Democracy can be intimidating

David Rogers of the Wall Street Journal views the Daschle-Thune Senate race in South Dakota as the pivotal Senate contest of the year. He notes the Democrats think they “can capture four Republican seats in Illinois, Alaska, Oklahoma and Colorado [while holding] their losses in the South to no more than two seats. That would give Democrats a 51-49 majority. [But] if Mr. Daschle loses, the whole equation collapses and Republicans will have dealt a crushing blow intended to intimidate Democrats in the next Congress.”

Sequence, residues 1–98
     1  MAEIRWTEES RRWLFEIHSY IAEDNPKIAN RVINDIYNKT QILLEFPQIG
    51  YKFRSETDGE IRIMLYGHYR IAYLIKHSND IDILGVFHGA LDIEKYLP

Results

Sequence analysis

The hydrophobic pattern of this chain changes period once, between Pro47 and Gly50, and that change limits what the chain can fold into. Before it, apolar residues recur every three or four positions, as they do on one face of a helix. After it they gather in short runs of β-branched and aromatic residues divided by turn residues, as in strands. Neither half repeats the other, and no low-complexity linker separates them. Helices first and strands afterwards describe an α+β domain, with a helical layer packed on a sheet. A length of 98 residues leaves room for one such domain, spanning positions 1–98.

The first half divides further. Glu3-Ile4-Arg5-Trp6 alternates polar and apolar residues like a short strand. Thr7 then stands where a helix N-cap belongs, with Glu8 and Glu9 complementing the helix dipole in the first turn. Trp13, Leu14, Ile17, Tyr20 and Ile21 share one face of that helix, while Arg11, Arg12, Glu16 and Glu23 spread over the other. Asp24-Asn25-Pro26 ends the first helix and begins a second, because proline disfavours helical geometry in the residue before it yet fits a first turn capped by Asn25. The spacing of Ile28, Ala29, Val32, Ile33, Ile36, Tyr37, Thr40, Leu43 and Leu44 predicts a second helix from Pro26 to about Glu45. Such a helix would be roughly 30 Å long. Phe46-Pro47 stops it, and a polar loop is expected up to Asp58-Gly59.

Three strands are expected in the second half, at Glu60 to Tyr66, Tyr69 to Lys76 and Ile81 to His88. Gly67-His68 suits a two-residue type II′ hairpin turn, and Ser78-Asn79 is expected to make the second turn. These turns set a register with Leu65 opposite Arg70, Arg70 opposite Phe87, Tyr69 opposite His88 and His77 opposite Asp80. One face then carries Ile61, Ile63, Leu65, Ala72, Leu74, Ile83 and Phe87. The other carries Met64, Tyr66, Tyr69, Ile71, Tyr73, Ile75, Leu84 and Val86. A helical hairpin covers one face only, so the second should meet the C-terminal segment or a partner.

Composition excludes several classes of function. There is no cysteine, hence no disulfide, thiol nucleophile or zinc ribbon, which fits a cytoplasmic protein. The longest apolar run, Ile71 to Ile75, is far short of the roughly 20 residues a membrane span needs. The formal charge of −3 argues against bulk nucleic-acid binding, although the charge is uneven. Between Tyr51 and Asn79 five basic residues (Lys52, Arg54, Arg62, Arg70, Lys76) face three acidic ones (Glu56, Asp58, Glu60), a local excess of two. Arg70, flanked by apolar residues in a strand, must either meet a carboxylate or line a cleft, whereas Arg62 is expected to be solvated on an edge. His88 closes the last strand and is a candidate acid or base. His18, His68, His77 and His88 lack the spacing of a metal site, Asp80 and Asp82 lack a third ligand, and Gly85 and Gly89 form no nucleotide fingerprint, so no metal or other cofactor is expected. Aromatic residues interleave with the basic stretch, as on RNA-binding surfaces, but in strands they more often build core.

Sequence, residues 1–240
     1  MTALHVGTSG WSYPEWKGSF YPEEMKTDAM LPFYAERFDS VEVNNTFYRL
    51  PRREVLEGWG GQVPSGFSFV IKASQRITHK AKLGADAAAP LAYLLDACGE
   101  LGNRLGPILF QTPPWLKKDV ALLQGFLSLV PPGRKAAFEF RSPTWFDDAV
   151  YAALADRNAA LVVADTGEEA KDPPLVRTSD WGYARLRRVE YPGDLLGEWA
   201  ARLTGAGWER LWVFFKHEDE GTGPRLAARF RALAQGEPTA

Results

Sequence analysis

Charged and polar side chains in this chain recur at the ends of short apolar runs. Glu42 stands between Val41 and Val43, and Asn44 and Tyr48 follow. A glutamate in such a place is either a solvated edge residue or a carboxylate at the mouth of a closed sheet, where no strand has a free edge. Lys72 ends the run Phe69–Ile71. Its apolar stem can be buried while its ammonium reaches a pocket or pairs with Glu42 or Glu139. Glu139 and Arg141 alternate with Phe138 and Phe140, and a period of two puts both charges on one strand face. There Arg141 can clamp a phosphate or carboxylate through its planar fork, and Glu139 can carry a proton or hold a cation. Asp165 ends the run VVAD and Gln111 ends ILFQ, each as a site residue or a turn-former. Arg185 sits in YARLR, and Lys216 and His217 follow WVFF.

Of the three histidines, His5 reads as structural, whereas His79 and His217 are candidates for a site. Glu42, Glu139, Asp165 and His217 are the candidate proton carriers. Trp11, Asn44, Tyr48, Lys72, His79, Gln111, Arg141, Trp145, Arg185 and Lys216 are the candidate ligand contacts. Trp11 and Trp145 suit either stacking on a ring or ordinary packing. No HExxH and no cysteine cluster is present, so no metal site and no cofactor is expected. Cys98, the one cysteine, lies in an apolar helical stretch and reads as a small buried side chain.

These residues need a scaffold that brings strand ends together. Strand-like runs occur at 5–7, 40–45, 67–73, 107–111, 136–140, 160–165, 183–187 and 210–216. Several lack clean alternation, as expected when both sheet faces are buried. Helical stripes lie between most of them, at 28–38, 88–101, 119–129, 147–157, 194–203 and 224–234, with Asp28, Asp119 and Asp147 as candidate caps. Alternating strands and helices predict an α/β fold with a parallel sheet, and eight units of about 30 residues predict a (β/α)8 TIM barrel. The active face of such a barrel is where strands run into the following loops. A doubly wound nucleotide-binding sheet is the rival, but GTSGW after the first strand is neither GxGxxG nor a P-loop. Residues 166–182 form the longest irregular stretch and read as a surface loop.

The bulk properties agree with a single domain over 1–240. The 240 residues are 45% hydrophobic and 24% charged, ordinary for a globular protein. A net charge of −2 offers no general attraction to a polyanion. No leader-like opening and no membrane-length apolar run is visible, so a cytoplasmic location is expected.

I think it is the final phrase of Rogers’ statement that explains most fundamentally the importance of the South Dakota race. I consider it unlikely that control of the Senate will turn on the outcome. The Democrats would be lucky indeed to win all four of their target states, and extraordinarily lucky to lose only two seats in the South. However, defeating Daschle would send a powerful signal to Democratic Senators in “red” states and maybe even swing states that they can no longer get away with their double game of constantly voting liberal in Washington while portraying themselves as moderates at home. Republicans don’t play that game much. The Republican Senators from Maine don’t consistently vote conservative, nor does Arlen Spector from Pennsylvania. Rick Santorum does, but he doesn’t try to hide his record. As Rogers says, the defeat of Daschle might “intimidate” Democrats into voting in a fashion that approximates the way they present themselves to their constituents.

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